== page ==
Juggling is well within the abilities of the average person. Most people can have success with juggling within the first hour and can be fairly proficient in juggling three balls in a couple of weeks. Juggling can boost the self-esteem by accomplishing something that seemed out of reach. The act of juggling can clear the mind and improve the ability to focus. Juggling is an enjoyable form of exercise. After learning to juggle, it can have a profound effect on day-to-day living because it develops an appreciation of the potential grace in all activities.

Juggling causes an awareness of your center in a similar way that yoga, dance, or meditation might. It also strengthens the connection between the two hemispheres of the brain. There is some preliminary research indicating that juggling actually increases brain function. Becoming ambidextrous is another positive effect caused by practicing the art of juggling.

The best way to learn juggling is from person to person contact with a juggler; however, here are a few hints and basic instruction. Okay, the big moment has arrived, juggling three balls. After learning three balls, you will forever be known as a juggler. Start by standing balanced. Did you think otherwise? Balanced means upright and tall, yet still relaxed.It actually takes less effort to be balanced than it does to be unbalanced. In learning to juggle, the tosses are slightly above head height, so strength is not an issue. Use only the arms to make the tosses, keeping the rest of the body still and relaxed.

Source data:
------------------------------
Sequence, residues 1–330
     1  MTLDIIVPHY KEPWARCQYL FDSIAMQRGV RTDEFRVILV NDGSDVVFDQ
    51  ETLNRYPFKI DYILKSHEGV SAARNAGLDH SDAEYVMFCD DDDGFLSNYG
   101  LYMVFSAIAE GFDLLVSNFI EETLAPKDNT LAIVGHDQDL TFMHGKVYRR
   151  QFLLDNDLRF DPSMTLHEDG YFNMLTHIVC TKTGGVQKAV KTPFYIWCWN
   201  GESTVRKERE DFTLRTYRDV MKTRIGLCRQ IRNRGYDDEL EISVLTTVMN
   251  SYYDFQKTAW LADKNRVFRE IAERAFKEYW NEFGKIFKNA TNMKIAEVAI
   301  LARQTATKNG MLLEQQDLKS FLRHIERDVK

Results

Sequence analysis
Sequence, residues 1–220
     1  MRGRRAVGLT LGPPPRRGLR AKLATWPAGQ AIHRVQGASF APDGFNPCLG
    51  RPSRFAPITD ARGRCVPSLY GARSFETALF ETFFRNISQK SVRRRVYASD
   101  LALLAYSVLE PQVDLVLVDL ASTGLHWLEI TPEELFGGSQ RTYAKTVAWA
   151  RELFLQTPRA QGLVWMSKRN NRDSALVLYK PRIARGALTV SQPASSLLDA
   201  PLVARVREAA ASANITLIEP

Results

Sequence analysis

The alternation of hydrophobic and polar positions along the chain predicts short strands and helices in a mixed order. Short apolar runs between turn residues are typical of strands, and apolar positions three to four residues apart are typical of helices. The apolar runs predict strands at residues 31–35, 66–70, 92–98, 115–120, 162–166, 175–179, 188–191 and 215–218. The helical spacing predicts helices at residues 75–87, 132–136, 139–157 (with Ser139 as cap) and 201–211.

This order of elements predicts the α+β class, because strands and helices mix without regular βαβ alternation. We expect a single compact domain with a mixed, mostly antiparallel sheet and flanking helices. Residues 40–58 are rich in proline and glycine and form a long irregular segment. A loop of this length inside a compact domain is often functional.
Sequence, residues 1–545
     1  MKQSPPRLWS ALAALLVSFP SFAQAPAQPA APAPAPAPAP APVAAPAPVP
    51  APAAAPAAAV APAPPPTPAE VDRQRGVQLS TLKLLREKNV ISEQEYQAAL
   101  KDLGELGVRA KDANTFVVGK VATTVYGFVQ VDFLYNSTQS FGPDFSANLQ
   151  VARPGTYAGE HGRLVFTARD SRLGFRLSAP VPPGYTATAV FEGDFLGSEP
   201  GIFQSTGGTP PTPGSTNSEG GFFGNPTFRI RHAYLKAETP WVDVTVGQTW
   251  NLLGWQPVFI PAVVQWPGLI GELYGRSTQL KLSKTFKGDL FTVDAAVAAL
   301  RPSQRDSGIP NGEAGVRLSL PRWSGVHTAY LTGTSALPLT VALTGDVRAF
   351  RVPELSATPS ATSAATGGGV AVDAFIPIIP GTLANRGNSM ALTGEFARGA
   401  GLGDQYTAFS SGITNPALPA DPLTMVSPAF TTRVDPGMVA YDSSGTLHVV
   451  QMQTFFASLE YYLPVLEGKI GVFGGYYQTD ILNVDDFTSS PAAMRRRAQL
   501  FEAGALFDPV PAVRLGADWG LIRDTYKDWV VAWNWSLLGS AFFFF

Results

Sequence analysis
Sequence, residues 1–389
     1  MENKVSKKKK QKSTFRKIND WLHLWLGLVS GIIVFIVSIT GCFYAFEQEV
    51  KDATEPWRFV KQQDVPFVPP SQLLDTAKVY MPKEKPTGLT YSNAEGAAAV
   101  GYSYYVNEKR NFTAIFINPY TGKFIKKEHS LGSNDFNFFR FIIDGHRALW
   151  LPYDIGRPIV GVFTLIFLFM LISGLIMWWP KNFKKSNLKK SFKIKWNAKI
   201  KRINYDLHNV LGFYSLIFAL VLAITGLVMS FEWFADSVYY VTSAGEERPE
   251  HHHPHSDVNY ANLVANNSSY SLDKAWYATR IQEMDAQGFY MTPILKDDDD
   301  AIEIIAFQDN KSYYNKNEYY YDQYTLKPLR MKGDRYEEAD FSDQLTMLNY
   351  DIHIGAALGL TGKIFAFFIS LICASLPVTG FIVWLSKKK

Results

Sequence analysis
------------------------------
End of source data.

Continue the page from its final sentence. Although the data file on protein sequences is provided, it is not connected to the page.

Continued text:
Have two balls in one hand and one in the other. The hand with two balls initiates the juggling pattern. The first ball is thrown in a diagonal path to a point slightly above the head height and in front of the opposite shoulder, the hand that had only one ball to begin with makes the second throw, and the third throw is done by the hand that did the first throw. Each toss is done the same, that is, diagonally to a point slightly above the head height and in front of the opposite shoulder. The pattern forms an X, with the middle of the X corresponding with the midline of the body, each ball will pass through this point, but not at the same time. The top two points of the X are the points where the balls are thrown, and finally, the bottom two points of the X are where the hands are located.

In addition to balance and the ability to focus, rhythm is a very important element in juggling. This is controlled by the consistency and the height of the tosses. The higher the tosses, the slower the juggling pattern will be; however, the margin for error decreases with more height, so there is a balance (there's that word again) between choosing a height which slows the pattern to a comfortable speed and not so high that the tosses come down beyond arms reach.

Good luck with the juggling and hopefully you can use the basic elements of juggling to help you live a balanced, focused, and rhythmic life.

Dave Altman is the president of the Atlanta Jugglers Association and has over twenty years experience as a professional juggler, a masters degree in education, and is an active member of the International Jugglers Association. He can be contacted for info on workshops and classes through the Atlanta Jugglers Association's website or at 706 923 5500 or voice mail 770 427 3903.